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Read More: 2014 winter meetings, ben cherington, Jon Lester,

Jon Lester to Red Sox Nation: ‘I understand the disappointment’

12.10.14 at 1:31 pm ET
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Hours after accepting a six-year deal to join the Cubs, Jon Lester sent a tweet to fans of the Red Sox in an attempt to soothe some hard feelings.

Wrote Lester: To Red Sox Nation, I understand the disappointment. Boston will always have a big place in my heart and we’ll always consider y’all family!

Continued Lester: Extremely difficult decision for me and my family but we love the outcome and couldn’t be more excited to join the Cubs organization!

Read More: Jon Lester,

Source: Red Sox showing interest in Diamondbacks pitcher Wade Miley

12.10.14 at 1:16 pm ET
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According to an industry source, the Red Sox have engaged in discussions with the Diamondbacks about the possibility of acquiring left-hander Wade Miley. The Diamondbacks appear to be focused on acquiring pitching in return for the 28-year-old left-hander.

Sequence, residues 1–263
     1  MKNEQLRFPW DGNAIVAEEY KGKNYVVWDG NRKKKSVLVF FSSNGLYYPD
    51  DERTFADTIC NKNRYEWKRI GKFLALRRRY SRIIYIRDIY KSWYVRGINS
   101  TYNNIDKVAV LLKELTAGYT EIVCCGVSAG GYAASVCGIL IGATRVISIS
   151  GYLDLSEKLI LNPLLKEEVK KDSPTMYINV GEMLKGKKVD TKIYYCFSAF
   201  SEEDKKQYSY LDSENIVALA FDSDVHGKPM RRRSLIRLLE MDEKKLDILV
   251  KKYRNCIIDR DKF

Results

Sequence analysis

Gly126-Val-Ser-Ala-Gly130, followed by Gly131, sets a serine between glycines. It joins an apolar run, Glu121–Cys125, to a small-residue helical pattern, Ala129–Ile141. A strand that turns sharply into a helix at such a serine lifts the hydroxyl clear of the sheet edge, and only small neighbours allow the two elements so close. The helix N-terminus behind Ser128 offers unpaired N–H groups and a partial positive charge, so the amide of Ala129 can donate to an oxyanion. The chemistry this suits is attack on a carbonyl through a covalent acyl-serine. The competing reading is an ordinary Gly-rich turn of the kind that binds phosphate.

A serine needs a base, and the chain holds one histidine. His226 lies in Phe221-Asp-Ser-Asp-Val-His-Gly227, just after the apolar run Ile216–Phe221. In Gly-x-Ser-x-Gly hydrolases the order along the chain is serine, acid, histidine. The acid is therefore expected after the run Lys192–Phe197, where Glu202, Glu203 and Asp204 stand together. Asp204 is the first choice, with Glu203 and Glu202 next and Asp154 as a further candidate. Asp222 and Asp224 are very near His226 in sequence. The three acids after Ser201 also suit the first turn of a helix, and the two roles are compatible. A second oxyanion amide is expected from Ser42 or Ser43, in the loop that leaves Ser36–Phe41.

In parts of four seasons, Miley — a 2008 first-rounder — is 38-35 with a 3.79 ERA. He’s thrown at least 194 innings in each of the last three seasons, performing at a level described by one evaluator as a solid No. 4. He’s struck out 7.0 per nine innings in his career, including a career-high 8.4 per nine innings in 2014, though after posting ERAs of 3.33 and 3.54 in 2012 and 2013, Miley had a 4.34 ERA last season.

That said, his numbers were made worse by a putrid Diamondbacks defense, and he’s also spent his career in one of the more difficult home pitching environments in the game. While he is not being viewed by the Sox as a potential top-of-the-rotation replacement for Jon Lester, his career track record suggests a potentially stabilizing rotation presence.

Miley is eligible for salary arbitration for the first time this offseason. He remains under team control for three years before he’ll be eligible for free agency following the 2017 season.

Read More: 2014 winter meetings, wade miley,

Poll: Should Red Sox have upped offer to sign Jon Lester?

12.10.14 at 9:12 am ET
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Jon Lester decided to accept a reported six-year, $155 million deal with the Cubs late Tuesday night. The Red Sox apparently did not offer near that much money.

How do you feel about the Red Sox refusing to match the Cubs’ offer?

Should the Red Sox have upped their offer to sign Jon Lester?

  • No, a six-year, $155 million deal for a 31-year-old pitcher is not smart business (69%)
  • Yes, they have the money and they should have spent it (31%)
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Read More: Jon Lester,